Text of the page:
Long-Term Follow-Up

Frequently Asked Questions

Below are links to the most frequently asked questions from patients and family members. New questions with answers will be posted to this site on a regular basis.

General LTFU FAQs

Additional FAQ Topics

Adolescent survivorship issues
Back to Work Issues
Cardiovascular Problems After Transplant
Common Activity/Exposure Questions
Dental Issues following a Transplant
Dry Eyes
Exercise After Treatment
Exercise and Nutrition
Fatigue
Graft-vs.-Host Disease
Health Screening Tests
Hepatitis C
History of Transplantation
The importance of the genome in transplantation research
Information and support resources following BMT or HSCT
Life Expectancy
Memory Loss and Cognitive Issues
Metabolic Syndrome
Mini-Transplants
Muscle Cramps and Bone Problems
Pediatric Long-Term Effects
Peripheral Neuropathy
Post-transplant Lung Issues
Preventive Maintenance after Transplant
Relapse
Research on Benefits of Exercise
Resources and Support
SCCA "Shine" store
Skin Cancer
Transplant Statistics
Understanding Graft-vs.-Host Disease
Unrelated Donor Transplants
Vaccination after Transplantation

Q. How do I know what kinds of problems should signal a call to LTFU vs. a call to my doctor?   

 

It may help to remember that once you have returned to the care of your personal doctor, LTFU becomes a consultant for your doctor and for you. If you have a personal doctor and need help with a medical issue, you should call your doctor first. LTFU can't offer direct medical care in most cases, so it's important to make contact first with someone who can. Once your doctor has been contacted, LTFU can be consulted as needed by you or your doctor to assist in your care. This will save time and allow for better coordination of your care.

If you have questions about post-transplant instructions, do not have a personal doctor, or need general information on post-transplant problems, LTFU can help.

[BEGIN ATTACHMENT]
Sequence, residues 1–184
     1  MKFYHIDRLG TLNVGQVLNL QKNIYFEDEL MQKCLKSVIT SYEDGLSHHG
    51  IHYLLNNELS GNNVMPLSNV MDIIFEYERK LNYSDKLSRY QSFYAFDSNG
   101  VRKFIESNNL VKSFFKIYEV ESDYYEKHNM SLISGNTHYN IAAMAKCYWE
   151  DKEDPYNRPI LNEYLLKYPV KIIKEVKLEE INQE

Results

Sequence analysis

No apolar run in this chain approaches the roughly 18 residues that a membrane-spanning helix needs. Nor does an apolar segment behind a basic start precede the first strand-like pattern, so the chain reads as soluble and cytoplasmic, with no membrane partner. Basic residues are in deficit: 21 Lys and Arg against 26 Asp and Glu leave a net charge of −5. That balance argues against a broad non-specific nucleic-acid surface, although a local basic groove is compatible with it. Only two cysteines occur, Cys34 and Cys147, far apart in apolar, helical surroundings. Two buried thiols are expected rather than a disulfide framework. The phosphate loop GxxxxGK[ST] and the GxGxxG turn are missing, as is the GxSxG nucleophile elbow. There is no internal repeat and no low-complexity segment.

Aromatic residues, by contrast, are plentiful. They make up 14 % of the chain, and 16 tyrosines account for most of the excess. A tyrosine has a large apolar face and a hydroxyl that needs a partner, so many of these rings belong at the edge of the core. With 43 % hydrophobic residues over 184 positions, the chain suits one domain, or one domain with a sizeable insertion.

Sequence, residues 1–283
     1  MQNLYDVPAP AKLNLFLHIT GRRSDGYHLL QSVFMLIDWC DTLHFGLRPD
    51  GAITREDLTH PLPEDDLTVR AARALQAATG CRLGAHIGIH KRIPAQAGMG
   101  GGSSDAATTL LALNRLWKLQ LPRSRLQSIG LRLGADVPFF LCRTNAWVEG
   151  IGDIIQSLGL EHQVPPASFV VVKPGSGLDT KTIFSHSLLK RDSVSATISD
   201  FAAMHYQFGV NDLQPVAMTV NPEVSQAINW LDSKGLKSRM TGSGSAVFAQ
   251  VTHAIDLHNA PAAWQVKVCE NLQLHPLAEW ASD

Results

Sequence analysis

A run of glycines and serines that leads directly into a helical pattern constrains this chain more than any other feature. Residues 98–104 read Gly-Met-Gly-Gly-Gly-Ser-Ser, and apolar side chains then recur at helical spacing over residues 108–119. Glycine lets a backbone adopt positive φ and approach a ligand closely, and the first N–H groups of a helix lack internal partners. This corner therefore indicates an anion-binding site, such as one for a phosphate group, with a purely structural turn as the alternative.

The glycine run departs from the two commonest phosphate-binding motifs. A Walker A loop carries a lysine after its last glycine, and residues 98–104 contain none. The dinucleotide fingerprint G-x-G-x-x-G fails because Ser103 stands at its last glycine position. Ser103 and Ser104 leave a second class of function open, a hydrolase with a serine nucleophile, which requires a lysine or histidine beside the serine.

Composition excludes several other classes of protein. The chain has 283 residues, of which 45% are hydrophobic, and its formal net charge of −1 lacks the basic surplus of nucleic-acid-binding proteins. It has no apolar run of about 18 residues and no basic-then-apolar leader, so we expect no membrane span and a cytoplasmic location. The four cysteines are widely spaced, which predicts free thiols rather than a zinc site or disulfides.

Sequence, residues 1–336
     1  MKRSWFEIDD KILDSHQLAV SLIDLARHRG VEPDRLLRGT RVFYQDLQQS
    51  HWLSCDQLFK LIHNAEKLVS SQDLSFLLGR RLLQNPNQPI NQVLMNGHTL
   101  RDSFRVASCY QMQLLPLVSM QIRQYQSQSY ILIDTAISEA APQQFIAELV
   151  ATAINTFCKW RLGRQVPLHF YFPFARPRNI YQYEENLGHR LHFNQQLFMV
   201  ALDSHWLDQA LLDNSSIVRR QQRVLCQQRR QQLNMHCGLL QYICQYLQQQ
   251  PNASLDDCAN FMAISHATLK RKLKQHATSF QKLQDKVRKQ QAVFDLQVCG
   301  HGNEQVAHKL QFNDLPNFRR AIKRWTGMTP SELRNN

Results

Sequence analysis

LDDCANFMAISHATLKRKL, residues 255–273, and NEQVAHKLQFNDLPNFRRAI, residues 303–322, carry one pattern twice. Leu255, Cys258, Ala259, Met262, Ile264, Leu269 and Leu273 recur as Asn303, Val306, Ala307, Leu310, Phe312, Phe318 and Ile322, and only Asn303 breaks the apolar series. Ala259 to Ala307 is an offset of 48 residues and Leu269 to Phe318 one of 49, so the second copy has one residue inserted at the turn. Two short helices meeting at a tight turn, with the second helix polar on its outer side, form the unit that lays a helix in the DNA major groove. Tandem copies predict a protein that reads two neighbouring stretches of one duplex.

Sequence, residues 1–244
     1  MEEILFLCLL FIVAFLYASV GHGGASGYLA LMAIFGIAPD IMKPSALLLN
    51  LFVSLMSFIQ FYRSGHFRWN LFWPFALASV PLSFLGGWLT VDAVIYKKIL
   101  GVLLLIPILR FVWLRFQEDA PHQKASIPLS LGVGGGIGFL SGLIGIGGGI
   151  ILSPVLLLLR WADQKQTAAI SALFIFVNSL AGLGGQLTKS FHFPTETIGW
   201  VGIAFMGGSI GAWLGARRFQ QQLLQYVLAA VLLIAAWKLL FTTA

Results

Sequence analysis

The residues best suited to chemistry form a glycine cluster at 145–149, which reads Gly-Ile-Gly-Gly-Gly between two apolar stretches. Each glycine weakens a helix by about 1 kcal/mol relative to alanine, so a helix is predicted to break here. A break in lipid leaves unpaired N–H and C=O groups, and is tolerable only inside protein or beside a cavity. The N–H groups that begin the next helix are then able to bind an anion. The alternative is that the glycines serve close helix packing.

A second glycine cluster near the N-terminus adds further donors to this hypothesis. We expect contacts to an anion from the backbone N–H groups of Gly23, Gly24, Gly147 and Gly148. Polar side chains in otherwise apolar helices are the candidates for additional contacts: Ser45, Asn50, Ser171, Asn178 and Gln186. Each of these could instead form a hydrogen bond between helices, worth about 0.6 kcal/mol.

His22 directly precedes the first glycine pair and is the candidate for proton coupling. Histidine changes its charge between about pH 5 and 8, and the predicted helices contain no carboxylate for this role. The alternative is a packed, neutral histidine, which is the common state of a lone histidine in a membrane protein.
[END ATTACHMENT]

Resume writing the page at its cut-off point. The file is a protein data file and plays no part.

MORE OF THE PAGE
Q. How do I contact LTFU?   

If you have transplant-related questions that can't be answered by your personal doctor or if you and your doctor have determined that consultation from LTFU is needed, we are here to help. To reach us Monday through Friday during the hours of 8:30 a.m. until 4:30 p.m. (pacific time) call (206) 667-4415. After hours calls go into a voicemail system. These calls are picked up on the next business day. For after hour emergencies, call (206) 667-7600 and ask to speak to the charge nurse.

Q. When I call LTFU, how will my question be handled?   

Calls are assigned priority according to medical urgency and the order in which they are received. In many cases, LTFU may need to contact your doctor to get further information or to coordinate necessary care. Complex problems not requiring an immediate response may be discussed at an LTFU clinical care conference. This conference is held twice a week. In general, most calls receive a response within 24 hours. But please be aware that the response time depends on the volume and nature of the calls received. At times there may be a delay in responding to less urgent problems.